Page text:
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State v. Collins

Superior Court of Delaware, New Castle

January 30, 2015

STATE OF DELAWARE,
v.
SOLOMON COLLINS, Defendant.

Date Submitted: October 30, 2014

On Defendant's Motion for Post Conviction Relief.

Patrick J. Collins, Esq., Attorney for Defendant.

Scott D. Goodwin, Esq., Deputy Attorney General, Delaware Department of Justice, Carvel State Office Building, Attorney for the State.

ORDER

CALVIN L. SCOTT, JR. JUDGE.

Introduction

Before the Court is Defendant Solomon Collins' ("Defendant") Motion for Post Conviction Relief filed on September 16, 2013. The Court has reviewed the parties' submissions. For the following reasons, Defendant's Motion for Post Conviction Relief is DENIED.

Background

Defendant was tried before a jury in March of 2011. Violet Gibson and Shakira Romeo – both eye witnesses to the offense – testified for the State at Defendant's trial. Both witnesses had also been interviewed by Detective Conner of the Wilmington Police Department after the incident. However, the statements the witnesses gave to Det. Conner conflicted with their in-court testimony. Det. Conner also testified for the State at Defendant's trial, and both witnesses' out-of-court statements to Det. Conner were admitted into evidence during his testimony, over defense objection.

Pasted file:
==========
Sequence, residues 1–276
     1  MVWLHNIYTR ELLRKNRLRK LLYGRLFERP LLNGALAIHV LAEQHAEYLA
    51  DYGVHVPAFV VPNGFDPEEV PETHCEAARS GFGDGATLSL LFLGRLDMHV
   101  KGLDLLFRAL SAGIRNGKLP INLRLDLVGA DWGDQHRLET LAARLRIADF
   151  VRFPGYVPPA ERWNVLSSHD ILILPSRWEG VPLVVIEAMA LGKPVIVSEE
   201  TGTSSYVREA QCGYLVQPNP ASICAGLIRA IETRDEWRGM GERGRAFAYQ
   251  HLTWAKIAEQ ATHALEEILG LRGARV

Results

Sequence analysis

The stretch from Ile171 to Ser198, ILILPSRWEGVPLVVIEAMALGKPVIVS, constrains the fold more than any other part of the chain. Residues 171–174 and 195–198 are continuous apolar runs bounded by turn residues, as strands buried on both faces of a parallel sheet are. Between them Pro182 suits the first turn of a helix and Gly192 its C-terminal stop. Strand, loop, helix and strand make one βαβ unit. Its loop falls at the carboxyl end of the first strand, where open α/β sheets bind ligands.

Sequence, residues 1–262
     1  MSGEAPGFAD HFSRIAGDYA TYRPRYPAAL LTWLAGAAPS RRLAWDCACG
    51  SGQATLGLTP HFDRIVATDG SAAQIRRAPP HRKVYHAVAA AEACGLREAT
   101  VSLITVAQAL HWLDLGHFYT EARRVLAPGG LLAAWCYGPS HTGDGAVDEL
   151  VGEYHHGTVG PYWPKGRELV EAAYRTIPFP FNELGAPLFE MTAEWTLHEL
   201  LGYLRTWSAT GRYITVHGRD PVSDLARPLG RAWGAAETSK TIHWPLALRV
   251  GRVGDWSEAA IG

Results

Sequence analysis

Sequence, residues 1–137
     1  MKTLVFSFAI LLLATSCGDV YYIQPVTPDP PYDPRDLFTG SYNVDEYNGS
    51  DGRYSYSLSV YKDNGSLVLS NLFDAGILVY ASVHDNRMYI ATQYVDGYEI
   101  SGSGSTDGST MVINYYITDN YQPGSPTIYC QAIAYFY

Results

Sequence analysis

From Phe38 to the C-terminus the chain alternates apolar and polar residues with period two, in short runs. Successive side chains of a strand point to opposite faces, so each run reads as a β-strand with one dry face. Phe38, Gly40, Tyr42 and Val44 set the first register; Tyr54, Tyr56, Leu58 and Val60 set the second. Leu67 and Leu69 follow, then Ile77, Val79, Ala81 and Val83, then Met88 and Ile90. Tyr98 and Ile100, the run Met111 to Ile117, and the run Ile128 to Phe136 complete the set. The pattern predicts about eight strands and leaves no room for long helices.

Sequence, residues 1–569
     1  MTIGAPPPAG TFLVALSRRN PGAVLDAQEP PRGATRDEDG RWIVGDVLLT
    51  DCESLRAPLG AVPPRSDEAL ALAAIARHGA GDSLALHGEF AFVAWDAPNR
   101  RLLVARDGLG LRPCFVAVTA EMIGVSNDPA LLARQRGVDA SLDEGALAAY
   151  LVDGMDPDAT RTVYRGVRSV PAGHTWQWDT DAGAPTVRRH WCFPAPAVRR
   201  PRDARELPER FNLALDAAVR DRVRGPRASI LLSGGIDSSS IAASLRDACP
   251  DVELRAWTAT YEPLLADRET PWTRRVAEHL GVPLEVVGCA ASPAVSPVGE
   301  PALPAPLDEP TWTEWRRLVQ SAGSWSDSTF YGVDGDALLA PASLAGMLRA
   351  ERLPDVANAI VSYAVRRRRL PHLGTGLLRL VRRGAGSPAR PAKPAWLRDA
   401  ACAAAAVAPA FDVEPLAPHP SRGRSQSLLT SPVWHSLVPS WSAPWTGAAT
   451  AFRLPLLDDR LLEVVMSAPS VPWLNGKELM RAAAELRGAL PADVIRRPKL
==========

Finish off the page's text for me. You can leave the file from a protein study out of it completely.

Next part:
The jury found Defendant guilty of Murder First Degree (non-capital), three counts of Reckless Endangering First Degree, two counts of Possession of a Firearm During the Commission of a Felony (PFDCF), and one count of Possession of a Deadly Weapon by a Person Prohibited (PDWBPP) relating to the shooting death of Tommear Tinnin. On July 15, 2011, Defendant was sentenced to life in prison at Level 5 on the Murder First Degree conviction and ten years in prison at Level 5 on the weapons conviction and six years in prison at Level 5 on the Reckless Endangering convictions.

On July 29, 2011, Defendant filed a direct appeal of his convictions with the Delaware Supreme Court. The Delaware Supreme Court affirmed Defendant's convictions and sentence on direct appeal.

On September 16, 2013, Defendant filed his first Motion for Post Conviction Relief. On September 18, 2013, the Superior Court directed the Office of Conflict Counsel to appoint counsel for Defendant for purposes of representation in his Rule 61 Motion for Post Conviction Relief.

Discussion